It would be great to have more information about where these differences come from and what women themselves see as holding them back. And we will continue to gather that information. But if we wait to have the perfect data before we do anything, we risk never taking real action.

Many factors that make women’s careers in energy difficult are of course not only relevant in our sector. To make progress, we need the entire society to change: we must fight stereotypes, eliminate the pay gap, share work at home fairly and support women on all fronts to fulfil their potential.

Here, broader policies like the EU’s gender equality strategy and directives to ensure equal pay and work-life balance have an important role to play. Strengthening equality and inclusion is a priority for the EU and the Commission and I know that President von der Leyen and Commissioner Dalli will continue to push this agenda further – not only for gender, but all aspects of equality.

But this doesn’t mean that we shouldn’t do anything specific within the energy sector: we have our particular challenges and solutions that we must work on.

I am therefore especially pleased to launch the Commission’s first Equality Platform for the energy sector here today. It is designed to take action against inequality in all its forms.

This Platform is meant for all stakeholders in the energy sector, including Member States’ authorities, European and international organisations, companies, NGOs, academia and so on.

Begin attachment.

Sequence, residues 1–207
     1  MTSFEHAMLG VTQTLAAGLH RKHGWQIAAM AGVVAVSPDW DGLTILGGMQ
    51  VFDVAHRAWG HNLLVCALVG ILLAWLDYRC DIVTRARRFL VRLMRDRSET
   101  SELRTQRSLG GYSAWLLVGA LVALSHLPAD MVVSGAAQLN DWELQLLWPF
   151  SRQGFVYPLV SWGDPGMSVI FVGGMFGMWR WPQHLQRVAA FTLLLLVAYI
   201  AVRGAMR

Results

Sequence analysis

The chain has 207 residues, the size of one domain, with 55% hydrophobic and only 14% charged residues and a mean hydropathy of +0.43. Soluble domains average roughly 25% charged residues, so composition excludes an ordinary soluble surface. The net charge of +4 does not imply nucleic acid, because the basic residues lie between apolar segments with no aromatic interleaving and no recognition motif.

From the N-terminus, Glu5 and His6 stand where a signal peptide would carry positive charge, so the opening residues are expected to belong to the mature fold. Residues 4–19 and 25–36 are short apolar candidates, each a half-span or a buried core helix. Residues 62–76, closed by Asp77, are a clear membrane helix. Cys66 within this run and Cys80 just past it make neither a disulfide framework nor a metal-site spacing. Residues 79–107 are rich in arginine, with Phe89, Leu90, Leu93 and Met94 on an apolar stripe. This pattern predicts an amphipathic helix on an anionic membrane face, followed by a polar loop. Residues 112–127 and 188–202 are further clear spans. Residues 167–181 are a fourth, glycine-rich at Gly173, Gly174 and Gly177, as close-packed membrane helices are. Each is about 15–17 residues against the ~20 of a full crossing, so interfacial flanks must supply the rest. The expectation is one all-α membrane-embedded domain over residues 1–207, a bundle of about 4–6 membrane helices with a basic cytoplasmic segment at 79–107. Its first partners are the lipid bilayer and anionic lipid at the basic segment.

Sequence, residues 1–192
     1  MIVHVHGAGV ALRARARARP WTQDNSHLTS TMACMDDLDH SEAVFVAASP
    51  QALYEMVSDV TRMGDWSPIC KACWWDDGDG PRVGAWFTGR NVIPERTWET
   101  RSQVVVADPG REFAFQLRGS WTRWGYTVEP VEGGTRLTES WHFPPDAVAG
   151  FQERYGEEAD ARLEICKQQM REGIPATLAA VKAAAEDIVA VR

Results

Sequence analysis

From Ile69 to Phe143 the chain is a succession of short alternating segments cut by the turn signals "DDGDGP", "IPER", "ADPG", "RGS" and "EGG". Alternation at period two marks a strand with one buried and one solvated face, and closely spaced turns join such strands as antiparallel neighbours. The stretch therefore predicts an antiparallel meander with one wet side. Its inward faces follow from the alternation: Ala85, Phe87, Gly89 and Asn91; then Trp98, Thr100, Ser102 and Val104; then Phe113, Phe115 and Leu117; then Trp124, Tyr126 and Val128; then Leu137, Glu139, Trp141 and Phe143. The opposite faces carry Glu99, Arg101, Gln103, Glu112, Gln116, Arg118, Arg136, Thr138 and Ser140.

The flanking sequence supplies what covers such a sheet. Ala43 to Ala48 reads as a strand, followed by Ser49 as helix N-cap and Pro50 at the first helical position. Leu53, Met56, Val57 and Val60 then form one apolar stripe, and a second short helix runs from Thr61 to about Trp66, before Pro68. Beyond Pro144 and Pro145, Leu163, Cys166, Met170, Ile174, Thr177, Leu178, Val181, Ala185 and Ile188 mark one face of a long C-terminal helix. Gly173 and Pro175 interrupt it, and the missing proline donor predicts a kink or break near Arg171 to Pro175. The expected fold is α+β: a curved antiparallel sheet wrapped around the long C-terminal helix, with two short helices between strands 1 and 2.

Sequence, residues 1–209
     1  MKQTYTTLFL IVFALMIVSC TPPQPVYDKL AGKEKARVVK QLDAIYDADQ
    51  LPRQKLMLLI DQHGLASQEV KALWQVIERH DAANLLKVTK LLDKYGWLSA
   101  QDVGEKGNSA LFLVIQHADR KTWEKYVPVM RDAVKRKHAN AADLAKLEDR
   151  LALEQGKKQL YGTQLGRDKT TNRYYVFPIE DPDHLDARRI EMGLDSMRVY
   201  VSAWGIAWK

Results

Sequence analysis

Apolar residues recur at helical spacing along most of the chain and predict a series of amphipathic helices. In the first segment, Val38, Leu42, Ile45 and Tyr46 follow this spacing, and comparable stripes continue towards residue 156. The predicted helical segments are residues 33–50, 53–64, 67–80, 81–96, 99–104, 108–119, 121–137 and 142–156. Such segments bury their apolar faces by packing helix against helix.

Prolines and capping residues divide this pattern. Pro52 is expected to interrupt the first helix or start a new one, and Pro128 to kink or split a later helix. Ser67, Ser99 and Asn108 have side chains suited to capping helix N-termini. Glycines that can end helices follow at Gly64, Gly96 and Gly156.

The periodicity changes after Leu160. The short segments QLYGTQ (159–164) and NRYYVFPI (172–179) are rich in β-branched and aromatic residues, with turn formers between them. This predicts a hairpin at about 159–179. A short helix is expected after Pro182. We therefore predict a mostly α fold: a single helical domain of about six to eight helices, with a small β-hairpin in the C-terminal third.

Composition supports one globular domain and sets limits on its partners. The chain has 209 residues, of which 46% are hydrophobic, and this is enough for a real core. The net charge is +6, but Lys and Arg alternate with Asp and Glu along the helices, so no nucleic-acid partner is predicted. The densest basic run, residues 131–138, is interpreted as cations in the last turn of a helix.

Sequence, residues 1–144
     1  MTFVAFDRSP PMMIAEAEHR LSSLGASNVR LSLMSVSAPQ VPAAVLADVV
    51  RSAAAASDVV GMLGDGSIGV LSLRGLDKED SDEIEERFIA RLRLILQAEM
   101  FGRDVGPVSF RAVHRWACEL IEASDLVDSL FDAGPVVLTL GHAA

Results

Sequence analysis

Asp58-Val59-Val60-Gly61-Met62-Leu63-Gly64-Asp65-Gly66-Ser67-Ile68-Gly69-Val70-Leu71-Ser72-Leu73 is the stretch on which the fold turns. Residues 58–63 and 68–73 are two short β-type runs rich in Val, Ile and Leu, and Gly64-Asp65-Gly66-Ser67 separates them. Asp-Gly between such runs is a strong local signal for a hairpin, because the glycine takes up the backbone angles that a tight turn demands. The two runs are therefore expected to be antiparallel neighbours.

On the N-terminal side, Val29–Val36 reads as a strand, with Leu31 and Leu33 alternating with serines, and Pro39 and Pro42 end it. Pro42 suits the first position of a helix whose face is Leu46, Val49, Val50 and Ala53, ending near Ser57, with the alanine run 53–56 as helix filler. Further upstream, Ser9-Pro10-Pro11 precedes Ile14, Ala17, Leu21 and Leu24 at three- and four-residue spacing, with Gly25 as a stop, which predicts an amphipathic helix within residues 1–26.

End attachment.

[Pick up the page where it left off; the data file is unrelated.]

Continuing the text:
What we want to create is a network of stakeholders committed to achieving equality and inclusion in their field. We want to strengthen and support their commitment and to give them a space to discuss and showcase innovative measures.

The platform will provide a forum for stakeholders to do exactly this: share initiatives, strategies and new ideas, which would make workplaces in the energy sector more welcoming to everyone and that could inspire others to follow suit.

What I particularly like about this initiative is that to become a member, you have to commit to concrete actions. It is not enough to say that equality is important, you have to prove that you mean it by setting out the steps you are taking or planning to take.

The application process to join the Platform is now officially open and I hope to see great interest in this across the board, from small SMEs to leading renewables companies to respected academic institutions. I know that many organisations have already expressed their wish to join and I’m sure their numbers will grow.

I am truly proud of the Equality Network in DG Energy who have gone well above and beyond what is said in their job descriptions and made this happen. A sincere thank you to the whole team!

And to give credit where credit is due, I also want to recognise DG MOVE’s Women in Transport Platform that inspired the initiative we are launching today.

I wish the brand new platform every success and I’m looking forward to the panel discussion.

Thank you for your attention!